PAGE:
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Corsa 1.3 cdti 55 plate compression

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  • [Corsa C] Corsa 1.3 cdti 55 plate compression

    Hi guys . I been looking up the compression per cylinder in psi and is it correct i should be getting a reading of 400 psi per cylinder .

  • #2
    Specs are : 1800kpa 261psi


    • #3
      When I do it there normally around 220/230 psi .


      • #4
        Just realised it's a Diesel. So would be slightly higher. As Tommy said. But a rule of thumb is that they should all be around the same .


        • #5
          Thanks guys . Its about right number 4 slightly down . Had timing chain snap i found out garage put new chain on . No engine management or codes showing wont rev over 3 though when warm fine cold . Using a lot of diesel and white smoke any ideas what look at im thinking valves on no4


          • #6
            I think that it all depends one what 'slightly down' means - all cylinders should be (in English!) within about 20-22 p.s.i. of each other.
            If a valve is not seating - then it's not seating, so it shouldn't make a lot of difference from cold to hot, although there is a chance that, if the valve is only slightly bent and maybe the valve guide is slightly warn, then the valve MIGHT not seat fully when hot. If you can check that number four compression pressure both hot and cold, you might get a better idea.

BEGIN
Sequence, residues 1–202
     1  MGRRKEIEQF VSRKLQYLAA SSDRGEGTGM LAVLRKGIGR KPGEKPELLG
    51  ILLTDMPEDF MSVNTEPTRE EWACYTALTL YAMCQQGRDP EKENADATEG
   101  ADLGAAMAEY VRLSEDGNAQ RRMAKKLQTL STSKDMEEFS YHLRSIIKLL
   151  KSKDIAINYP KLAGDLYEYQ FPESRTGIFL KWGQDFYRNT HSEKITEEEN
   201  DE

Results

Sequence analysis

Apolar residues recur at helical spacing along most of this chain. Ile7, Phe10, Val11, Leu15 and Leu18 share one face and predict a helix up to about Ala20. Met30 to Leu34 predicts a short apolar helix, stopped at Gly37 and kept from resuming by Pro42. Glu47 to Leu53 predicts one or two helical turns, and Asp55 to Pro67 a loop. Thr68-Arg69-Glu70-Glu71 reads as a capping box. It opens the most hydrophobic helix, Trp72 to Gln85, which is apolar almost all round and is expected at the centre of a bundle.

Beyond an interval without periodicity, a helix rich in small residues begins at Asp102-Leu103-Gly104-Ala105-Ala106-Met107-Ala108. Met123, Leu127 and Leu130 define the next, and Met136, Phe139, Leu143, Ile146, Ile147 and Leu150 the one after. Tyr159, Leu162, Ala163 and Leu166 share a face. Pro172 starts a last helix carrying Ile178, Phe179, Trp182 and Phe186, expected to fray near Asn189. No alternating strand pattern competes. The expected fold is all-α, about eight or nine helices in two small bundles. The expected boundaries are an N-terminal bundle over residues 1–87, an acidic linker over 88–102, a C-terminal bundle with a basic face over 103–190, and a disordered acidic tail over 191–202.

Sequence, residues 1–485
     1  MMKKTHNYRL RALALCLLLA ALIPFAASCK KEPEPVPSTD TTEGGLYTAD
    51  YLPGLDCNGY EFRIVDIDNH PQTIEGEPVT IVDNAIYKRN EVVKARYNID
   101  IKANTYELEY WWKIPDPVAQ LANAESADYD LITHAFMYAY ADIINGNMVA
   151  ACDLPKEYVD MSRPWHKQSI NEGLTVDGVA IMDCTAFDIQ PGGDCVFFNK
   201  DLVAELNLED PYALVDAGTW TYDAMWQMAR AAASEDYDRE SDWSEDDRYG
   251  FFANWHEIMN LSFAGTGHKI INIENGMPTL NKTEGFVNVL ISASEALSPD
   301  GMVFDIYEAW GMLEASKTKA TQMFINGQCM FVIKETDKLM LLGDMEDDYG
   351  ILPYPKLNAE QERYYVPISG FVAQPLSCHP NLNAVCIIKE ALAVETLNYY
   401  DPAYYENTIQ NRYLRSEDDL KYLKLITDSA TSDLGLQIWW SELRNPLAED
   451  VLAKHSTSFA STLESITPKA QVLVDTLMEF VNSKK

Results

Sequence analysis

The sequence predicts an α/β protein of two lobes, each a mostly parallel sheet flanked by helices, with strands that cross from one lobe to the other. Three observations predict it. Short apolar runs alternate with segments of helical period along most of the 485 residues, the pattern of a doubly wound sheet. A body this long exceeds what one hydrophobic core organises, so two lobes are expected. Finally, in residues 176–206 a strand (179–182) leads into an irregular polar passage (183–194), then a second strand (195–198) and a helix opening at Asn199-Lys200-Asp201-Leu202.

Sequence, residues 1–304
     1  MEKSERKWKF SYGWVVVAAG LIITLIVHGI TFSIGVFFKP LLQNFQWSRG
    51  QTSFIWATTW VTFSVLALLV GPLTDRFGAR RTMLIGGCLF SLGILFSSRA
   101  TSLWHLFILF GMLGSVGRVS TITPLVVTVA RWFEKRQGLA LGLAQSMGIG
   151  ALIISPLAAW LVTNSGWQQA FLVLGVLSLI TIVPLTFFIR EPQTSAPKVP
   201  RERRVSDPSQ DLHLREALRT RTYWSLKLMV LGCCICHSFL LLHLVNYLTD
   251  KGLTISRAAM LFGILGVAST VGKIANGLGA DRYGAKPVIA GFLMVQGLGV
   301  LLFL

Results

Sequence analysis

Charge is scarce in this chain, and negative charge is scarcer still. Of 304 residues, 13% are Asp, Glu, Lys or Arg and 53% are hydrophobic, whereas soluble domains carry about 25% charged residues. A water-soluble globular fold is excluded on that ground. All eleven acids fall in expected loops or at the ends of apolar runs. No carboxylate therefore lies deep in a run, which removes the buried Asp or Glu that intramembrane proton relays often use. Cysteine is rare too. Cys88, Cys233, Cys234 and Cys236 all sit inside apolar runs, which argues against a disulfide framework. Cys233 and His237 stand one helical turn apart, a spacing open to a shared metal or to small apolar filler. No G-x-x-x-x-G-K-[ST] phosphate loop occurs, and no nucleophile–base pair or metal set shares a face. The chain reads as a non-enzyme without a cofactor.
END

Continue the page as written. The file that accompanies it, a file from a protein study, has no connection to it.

White smoke generally indicates water in the exhaust. This can be a simple matter of condensation, either in the engine itself, or in the exhaust system.
            If the coolant level keeps falling, then it may be coolant that is causing the white smoke. Coolant can enter the cylinders due to a failed head gasket, or to a crack in the metal, another possibility is the EGR valve.
            If the coolant level is NOT falling and the white smoke clears after a decent run (when any condensation has vapourised) then the problem is likely to be down to condensation.

            Its a bit odd that there are no fault codes, but some faults don't throw up a code anyway.

            In cold weather, you can sometimes have white exhaust smoke whilst cranking, this could be accompanied by a strong smell of Diesel fuel at the exhaust tail pipe - this would be especially noticeable if the pre-heating system was not working correctly.

            Too much fuel (or too little air) generally produces black exhaust smoke.